By Austin Considine
As it happens, the recreational tepee is nothing new to British epicures desiring a bit of eco-chic. But its budding popularity at high-end American social events signifies an intriguing if perplexing cultural moment: Long a proud symbol of the American Great Plains and its native, nomadic heritage, the tepee is reappearing as a luxury British import.
“It’s been popular for about seven years now over in the U.K., where you see a lot of celebrities doing this kind of thing for very earthy-style lounges,” said Lawson Roberts, an event producer based in New York and Charleston, S.C., who has planned numerous celebrity weddings. A few months ago, Mr. Rogers received his first two American tepee requests.
Perhaps, as with African-American blues music, appropriating the traditional American Indian dwelling required the historical, moral and geographical distance afforded the British.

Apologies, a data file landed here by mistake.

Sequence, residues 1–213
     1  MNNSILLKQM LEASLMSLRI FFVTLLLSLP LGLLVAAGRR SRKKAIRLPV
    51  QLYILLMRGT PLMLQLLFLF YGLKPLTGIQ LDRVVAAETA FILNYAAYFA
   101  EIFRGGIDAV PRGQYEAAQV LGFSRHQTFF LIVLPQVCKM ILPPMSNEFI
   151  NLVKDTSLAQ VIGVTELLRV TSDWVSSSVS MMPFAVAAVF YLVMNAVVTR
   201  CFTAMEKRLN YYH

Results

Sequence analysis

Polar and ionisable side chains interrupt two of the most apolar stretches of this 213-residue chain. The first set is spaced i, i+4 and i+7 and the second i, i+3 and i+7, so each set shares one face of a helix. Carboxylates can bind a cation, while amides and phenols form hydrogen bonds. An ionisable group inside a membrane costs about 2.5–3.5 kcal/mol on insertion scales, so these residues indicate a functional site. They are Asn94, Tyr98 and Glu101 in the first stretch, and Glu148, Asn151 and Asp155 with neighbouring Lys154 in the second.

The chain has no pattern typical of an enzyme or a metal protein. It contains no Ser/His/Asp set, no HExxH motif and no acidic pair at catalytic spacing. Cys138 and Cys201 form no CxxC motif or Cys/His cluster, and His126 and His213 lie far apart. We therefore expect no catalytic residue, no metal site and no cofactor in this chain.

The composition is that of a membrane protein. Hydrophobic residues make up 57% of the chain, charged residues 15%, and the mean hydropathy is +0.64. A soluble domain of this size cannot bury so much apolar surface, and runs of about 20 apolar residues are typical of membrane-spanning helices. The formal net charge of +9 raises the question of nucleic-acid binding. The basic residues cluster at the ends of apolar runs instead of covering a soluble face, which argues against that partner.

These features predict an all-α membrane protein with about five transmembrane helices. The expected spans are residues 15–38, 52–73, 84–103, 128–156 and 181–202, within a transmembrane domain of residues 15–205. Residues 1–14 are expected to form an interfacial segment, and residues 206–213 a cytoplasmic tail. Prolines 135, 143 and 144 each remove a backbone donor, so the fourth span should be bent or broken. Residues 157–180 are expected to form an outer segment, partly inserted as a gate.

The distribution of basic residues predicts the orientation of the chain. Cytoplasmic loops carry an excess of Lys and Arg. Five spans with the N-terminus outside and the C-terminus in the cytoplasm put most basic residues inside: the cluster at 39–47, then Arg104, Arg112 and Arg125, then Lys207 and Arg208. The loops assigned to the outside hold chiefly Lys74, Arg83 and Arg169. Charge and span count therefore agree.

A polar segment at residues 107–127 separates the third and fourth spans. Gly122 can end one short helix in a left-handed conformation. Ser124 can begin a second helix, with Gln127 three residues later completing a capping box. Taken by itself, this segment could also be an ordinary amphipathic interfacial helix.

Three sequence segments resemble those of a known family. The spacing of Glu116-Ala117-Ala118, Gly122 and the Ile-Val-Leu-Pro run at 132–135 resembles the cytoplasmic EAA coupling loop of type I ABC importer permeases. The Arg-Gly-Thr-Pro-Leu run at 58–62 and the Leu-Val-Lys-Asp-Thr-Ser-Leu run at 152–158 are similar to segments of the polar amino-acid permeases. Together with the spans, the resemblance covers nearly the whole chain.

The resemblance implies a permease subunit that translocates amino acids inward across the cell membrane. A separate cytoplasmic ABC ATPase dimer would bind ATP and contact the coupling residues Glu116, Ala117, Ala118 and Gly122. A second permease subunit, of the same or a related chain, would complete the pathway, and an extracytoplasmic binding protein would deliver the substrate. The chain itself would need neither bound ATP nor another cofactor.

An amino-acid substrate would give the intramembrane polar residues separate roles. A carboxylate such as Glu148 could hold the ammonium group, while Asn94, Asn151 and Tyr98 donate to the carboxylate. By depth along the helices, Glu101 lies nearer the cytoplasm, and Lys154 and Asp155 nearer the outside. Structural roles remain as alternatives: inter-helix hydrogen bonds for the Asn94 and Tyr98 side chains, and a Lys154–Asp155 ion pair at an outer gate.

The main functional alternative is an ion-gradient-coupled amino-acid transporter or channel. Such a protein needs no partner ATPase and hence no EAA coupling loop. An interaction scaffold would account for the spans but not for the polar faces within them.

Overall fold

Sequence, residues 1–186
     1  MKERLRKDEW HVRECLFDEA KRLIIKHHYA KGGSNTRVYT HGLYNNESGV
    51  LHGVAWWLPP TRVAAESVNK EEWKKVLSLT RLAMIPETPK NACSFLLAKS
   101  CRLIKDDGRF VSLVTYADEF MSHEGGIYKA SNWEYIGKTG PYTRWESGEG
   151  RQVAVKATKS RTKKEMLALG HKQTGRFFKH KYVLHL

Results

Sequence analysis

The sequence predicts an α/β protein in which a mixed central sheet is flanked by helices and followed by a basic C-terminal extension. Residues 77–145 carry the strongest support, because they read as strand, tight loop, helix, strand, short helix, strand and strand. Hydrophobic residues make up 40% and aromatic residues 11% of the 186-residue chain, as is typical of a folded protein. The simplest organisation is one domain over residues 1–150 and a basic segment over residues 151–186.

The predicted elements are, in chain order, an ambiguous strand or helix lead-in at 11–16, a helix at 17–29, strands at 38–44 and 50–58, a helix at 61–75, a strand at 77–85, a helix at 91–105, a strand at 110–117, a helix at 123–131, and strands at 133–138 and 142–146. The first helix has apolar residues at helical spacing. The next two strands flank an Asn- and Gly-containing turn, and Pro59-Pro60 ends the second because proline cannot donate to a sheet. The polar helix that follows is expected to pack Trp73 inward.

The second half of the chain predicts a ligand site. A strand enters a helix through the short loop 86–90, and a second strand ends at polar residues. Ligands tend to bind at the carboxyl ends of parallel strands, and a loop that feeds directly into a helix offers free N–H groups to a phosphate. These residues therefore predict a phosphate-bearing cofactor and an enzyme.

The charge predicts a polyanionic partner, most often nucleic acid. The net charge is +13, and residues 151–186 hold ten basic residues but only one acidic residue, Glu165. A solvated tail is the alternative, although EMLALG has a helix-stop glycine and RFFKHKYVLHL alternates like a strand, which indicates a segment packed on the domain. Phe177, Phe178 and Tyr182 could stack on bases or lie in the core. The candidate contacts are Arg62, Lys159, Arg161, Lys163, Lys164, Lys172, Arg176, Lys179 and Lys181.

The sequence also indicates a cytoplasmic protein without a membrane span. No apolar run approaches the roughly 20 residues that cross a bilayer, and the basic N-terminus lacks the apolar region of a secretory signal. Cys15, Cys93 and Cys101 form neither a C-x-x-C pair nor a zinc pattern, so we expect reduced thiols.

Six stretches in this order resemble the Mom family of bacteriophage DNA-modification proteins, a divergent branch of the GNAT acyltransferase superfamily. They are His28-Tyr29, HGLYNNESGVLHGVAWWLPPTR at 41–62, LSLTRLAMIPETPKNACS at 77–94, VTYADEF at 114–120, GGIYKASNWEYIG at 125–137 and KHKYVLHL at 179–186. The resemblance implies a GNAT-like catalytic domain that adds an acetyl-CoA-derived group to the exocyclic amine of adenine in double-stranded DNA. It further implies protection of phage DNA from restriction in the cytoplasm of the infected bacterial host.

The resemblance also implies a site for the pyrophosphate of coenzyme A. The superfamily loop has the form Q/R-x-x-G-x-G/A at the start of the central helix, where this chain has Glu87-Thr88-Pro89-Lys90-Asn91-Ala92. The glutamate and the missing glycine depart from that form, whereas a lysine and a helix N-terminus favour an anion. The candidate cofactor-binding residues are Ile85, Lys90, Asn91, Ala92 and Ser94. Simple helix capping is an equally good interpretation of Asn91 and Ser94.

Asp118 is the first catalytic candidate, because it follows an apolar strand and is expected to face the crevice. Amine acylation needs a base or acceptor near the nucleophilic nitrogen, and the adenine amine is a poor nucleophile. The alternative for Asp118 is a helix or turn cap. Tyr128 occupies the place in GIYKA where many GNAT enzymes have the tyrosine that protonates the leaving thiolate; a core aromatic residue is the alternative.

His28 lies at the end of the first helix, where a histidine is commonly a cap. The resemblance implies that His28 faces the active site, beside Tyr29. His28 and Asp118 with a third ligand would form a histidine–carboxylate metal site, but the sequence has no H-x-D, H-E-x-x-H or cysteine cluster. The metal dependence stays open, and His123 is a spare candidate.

My guess is the same as it was the last 50 or 100 times someone appropriated Native cultures. Tribalism is trendy. It's "cool" to say you're getting in touch with your roots, the spirits, or the earth via a tipi. It makes you seem more authentic and real and less status- and wealth-oriented.
There's nothing terribly wrong with lounging in tipis as long as you don't dress up and pretend to be Indians. But that's the problem. Some people take their trendy tribalism one step too far. Then you get affronts like the TeePee Games website and the Irish "Indians" showband. Or in Germany, artists who think showcasing Chief Wahoo makes some sort of cultural statement. Or in the US, wannabes who think wearing a headdress makes them wild and free like an Indian.
On short, hipster appropriation becomes hipster racism. Which is why critics are watching these people and calling them out if they step over the line.
For more on tipis, see Wigwam Motel as Historic Icon and The Pee-Pee Teepee.
Below: "Tepees at the Glastonbury Music Festival in Great Britain."